|TUI Travel plc expected to win FTSE 100 tussle from Direct Line Insurance Group plc|
|Monday, 10 December 2012 09:37|
News round up: TUI Travel, Direct Line, FTSE 100, Barclays, Deutsche Bank, AAA rating, Tesco, Virgin Atlantic, Microsoft, Rolls-Royce, RBS, British Airways, Wages.
TUI Travel plc (LON:TT) and Direct Line Insurance Group plc (LON:DLG) are vying for a place in the benchmark FTSE 100 (INDEXFTSE:UKX). The constituents of the blue-chip index are due to be reviewed this week, with the holiday company and the recently floated insurance group competing to make it into the top flight. However, traders and analysts said they expect TUI to win the race.
Barclays and Deutsche Bank
An international trade war is threatening to erupt over an American plan that would force Barclays and Deutsche Bank to pump more cash into their Wall Street operations. Daniel Tarullo, a governor of the Federal Reserve, wants tougher capital and liquidity rules for all foreign banks operating in America. Tarullo, who is overseeing the implementation of the Dodd-Frank banking regulation reforms, is expected to push for the rules to be implemented at a Fed board meeting in Washington this week.
Britain’s AAA credit rating
The Treasury is warning this weekend that failure to stick to George Osborne’s austerity plans may cost taxpayers tens of billions of pounds if Britain’s AAA credit rating is cut. The Chancellor’s officials have calculated the cost to the public purse of higher borrowing costs should markets lose confidence in British economic policy.
Tesco is to focus its Indian expansion on the major cities of Mumbai and Bangalore as part of chief executive Philip Clarke’s fight back on growth. The Sunday Telegraph understands that Mr Clarke met members of the Tata family – thought to include Chairman Ratan Tata himself – this weekend to begin to flesh out the plans for the retailer’s push into the world’s second most populous country.
Sir Richard Branson could give up control of Virgin Atlantic in just a few days after three-way talks over its future this weekend. Branson is in takeover negotiations with America’s Delta Air Lines and Air France-KLM. The Sunday Times revealed last week that Delta, America’s largest carrier, had approached Singapore Airlines to buy its 49% stake in Virgin Atlantic, with a view to Air France-KLM eventually buying part of Branson’s 51% holding.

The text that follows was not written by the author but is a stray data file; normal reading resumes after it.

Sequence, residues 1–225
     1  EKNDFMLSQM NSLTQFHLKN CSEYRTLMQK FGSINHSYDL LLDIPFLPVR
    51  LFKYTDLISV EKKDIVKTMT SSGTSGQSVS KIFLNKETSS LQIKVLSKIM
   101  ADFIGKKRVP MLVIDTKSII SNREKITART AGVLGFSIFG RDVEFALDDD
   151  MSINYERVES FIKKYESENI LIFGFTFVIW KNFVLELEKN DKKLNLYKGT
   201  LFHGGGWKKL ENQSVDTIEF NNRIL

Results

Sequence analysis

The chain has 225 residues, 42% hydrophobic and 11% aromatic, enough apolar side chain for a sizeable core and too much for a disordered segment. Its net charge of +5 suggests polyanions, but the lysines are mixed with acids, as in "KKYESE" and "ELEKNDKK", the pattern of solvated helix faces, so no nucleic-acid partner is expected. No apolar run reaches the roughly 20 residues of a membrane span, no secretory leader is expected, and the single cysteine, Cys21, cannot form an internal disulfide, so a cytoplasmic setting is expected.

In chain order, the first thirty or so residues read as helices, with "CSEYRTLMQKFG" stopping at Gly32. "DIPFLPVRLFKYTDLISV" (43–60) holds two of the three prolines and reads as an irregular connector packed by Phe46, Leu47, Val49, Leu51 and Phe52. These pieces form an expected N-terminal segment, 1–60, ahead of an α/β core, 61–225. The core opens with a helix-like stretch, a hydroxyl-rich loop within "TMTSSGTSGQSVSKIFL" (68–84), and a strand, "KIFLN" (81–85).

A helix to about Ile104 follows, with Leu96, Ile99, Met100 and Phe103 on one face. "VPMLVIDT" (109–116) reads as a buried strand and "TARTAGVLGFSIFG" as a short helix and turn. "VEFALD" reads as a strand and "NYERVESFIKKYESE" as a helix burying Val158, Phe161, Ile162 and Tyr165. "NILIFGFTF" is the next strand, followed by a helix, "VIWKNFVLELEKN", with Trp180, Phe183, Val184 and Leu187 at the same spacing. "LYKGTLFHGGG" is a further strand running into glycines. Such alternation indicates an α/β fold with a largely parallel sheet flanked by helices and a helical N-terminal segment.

The row over the amount of tax multinationals are paying has taken another turn after it emerged that Microsoft pays no UK tax on £1.7bn of online revenues. The US technology group is understood to be channelling online payments for its Windows 8 operating system and other downloads of software through Luxembourg and Ireland, where corporation tax is lower than the UK.
A whistleblower at the heart of a bribery investigation at Rolls-Royce has been fighting for more than six years for his claims to be heard. The British engineering group has been accused of handing 20m dollars (12.5m pounds) and a blue Rolls-Royce car to the son of the former president of Indonesia to help win a contract to supply engines.
Royal Bank of Scotland
Businesses are to be offered discounted loans to help them trim their energy costs under a £200 million deal launched today by Royal Bank of Scotland. The state-backed lender is tapping into the £80 billion Funding for Lending scheme to offer reduced-rate loans for UK firms looking to install energy-efficient heating and lighting, or to generate their own power from wind turbines, writes The Scotsman.
The head of British Airways has accused the Government of failing with its economic strategy and being “fixated” with immigration. In a gloomy verdict on last week’s Autumn Statement, which extended austerity until 2018, Willie Walsh complained that the coalition Government had no growth strategy. The chief executive of BA’s parent, International Airlines Group, suggested that if the Chancellor were running a business, it would be destined for deep losses.
The City's relentless rise has sucked £7,000 a year from the pockets of the average British worker, a report from the TUC will reveal today. The report Where Have All the Wages Gone? found that over the last 30 years the share of national income going to wages has fallen from 59 to 53 per cent. But over the same period the proportion of GDP going to profits has increased from 25 to 29 per cent, while the share of income spent on taxes and subsidies has been broadly consistent at around 11 per cent. This means that the average Briton failed to share in the country's economic success before the financial crisis, losing out on £7,000 in lost earnings on average, The Independent writes.
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